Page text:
The goal of this research is to propose hypotheses about protein sorting mechanisms, not just to make predictions. We propose, for what we believe is the first time, a method to learn sorting pathways from protein localization annotation, based on co-occurrence of interacting partner and sequence motif. Our method is able to recover a significant part of known pathways collected from the literature, and to infer the correct path of proteins known to follow these pathways.
Using a HMM, naturally simulates the transportation path of a protein among unobserved intermediate states. Although the path is unobserved, the most likely one can be inferred by the Viterbi algorithm of the HMM based on observed features. The model is probabilistic and returns a distribution of possible compartments, instead of a single predicted compartment. Proteins that are targeted to more than one compartment in the training data can be handled by treating multiple localization as uncertainty. While the method has been successful, an HMM-based approach also suffers from a number of limitations. The input data used by our method is static while HMM expects sequential data. This requires us to rely on a number of assumptions including limiting each of the features to a unique level, and assuming independence between the features. The structure search algorithm requires substantial computation, since the EM algorithm must be run every time a candidate structure is being tried. Improving the search strategy is a direction for future work. Another issue we would like to address is the inference of the actual location of the intermediate states. For example, we might associate an internal state with the ER or Golgi. To determine such locations, we would need to tie the model to literature and try to identify overlaps which can be generalized.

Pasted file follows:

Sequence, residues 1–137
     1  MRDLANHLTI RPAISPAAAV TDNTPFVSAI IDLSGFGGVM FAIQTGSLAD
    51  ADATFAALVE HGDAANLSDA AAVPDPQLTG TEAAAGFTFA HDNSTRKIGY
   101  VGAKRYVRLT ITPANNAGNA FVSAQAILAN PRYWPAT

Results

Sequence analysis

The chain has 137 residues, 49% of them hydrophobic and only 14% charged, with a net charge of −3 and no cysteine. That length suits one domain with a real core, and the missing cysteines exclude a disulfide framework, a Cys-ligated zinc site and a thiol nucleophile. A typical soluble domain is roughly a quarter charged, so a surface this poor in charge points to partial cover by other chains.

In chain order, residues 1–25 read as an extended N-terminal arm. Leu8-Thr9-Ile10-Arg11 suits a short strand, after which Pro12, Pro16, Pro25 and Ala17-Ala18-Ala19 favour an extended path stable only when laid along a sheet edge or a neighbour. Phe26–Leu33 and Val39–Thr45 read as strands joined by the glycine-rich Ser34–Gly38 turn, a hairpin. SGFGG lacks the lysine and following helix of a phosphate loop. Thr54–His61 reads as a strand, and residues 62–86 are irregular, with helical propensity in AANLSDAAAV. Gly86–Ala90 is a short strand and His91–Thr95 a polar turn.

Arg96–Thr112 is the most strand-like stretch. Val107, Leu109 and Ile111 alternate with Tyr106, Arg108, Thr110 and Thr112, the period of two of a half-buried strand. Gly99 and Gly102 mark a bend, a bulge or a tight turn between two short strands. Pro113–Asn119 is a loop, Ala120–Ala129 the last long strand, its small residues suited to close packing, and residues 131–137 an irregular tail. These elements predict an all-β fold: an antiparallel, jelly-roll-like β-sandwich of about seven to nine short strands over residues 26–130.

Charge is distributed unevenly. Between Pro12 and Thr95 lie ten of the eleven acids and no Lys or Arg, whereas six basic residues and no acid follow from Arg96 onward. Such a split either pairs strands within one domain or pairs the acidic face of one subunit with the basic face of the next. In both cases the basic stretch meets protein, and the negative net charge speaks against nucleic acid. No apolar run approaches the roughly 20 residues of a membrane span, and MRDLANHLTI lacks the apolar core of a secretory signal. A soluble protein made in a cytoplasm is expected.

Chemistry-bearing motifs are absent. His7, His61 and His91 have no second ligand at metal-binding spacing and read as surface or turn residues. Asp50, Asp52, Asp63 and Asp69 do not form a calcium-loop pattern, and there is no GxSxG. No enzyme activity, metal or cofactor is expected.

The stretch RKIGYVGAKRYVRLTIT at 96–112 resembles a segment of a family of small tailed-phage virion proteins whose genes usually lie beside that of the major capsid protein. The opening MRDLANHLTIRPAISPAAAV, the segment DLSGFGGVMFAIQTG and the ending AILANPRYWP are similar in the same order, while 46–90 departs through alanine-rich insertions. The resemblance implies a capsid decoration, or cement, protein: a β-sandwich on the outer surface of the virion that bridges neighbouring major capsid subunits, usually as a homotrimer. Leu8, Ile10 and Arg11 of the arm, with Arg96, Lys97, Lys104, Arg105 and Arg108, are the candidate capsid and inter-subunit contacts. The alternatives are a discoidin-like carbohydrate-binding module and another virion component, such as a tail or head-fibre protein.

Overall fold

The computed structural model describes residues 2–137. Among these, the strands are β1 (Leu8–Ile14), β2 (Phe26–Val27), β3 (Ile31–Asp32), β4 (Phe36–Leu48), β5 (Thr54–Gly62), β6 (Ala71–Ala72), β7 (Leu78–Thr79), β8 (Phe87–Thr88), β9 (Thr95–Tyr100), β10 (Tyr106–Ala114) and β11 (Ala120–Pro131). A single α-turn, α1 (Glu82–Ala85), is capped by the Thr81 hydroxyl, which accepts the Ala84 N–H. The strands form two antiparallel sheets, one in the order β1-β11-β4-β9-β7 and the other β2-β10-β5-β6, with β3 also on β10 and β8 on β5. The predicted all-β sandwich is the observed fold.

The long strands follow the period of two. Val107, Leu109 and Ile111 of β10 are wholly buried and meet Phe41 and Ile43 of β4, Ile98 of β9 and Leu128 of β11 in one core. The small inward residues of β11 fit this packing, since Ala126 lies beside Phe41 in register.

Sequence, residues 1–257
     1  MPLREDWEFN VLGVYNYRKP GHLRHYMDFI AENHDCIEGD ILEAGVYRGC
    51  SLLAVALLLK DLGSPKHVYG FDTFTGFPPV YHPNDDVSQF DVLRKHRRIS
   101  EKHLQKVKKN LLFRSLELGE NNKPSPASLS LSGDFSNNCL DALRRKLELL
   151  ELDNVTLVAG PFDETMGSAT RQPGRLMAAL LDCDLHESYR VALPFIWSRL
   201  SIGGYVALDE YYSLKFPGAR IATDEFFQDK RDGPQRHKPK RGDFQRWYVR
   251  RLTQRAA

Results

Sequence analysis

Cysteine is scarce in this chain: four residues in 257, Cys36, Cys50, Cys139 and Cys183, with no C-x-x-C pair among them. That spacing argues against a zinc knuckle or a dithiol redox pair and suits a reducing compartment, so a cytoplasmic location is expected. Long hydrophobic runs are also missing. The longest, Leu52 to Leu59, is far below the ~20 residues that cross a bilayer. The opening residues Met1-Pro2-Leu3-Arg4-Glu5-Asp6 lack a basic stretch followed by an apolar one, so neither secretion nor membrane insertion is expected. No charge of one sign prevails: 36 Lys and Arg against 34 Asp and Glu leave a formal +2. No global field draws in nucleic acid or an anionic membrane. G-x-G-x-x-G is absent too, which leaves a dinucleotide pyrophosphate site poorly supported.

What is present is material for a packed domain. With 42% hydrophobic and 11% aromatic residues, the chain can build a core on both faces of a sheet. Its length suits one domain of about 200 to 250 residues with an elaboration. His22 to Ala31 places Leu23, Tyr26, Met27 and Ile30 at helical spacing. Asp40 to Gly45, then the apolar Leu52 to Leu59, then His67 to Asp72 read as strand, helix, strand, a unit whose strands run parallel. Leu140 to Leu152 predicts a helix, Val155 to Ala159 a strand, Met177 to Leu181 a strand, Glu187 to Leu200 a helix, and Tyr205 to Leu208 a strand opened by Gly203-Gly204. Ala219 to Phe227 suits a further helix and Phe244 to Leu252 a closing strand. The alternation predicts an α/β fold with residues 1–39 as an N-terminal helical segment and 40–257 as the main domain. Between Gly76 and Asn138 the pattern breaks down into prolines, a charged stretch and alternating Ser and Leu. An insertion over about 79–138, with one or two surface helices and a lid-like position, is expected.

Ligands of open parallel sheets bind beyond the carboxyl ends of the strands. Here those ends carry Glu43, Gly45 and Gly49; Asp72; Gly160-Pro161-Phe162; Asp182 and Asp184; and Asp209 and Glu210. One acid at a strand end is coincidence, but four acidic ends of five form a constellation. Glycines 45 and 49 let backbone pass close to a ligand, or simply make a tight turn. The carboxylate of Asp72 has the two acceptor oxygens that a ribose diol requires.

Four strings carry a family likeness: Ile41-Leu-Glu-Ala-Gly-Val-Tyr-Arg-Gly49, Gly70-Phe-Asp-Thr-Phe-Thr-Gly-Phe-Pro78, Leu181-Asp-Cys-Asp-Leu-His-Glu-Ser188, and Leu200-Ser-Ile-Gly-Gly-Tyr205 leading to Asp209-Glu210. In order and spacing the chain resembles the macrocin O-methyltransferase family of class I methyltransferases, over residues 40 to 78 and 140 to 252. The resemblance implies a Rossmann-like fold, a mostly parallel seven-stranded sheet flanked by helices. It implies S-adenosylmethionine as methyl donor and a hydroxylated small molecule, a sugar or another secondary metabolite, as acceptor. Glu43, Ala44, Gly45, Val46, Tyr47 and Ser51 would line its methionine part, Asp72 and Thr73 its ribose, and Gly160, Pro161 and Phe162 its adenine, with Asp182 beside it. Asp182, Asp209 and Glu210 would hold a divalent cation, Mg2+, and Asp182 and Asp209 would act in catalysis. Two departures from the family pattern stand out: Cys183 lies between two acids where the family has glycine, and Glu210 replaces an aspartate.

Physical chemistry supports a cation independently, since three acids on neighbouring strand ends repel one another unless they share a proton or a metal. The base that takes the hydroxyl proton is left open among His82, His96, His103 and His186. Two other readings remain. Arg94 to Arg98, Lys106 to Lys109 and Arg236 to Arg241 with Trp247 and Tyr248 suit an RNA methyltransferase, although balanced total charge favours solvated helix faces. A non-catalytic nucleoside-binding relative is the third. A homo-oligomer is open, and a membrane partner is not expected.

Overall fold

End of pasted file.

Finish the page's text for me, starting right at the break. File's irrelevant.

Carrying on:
Given that the sorting routes taken by many proteins are currently unknown, the most important part of our work is the potential to identify novel pathways. In this regard, we note that, just like hand-constructed pathways, any novel putative pathways contained in our learned model can be readily tested experimentally by perturbing motifs and/or carriers. An additional advantage of building comprehensive sorting models is that potential inconsistencies in canonical models can be identified and experiments performed to resolve them.
We would like to thank Jennifer Bakal for programming support. This work was supported in part by the NIH (grant R01 GM075205).
No competing financial interests exist.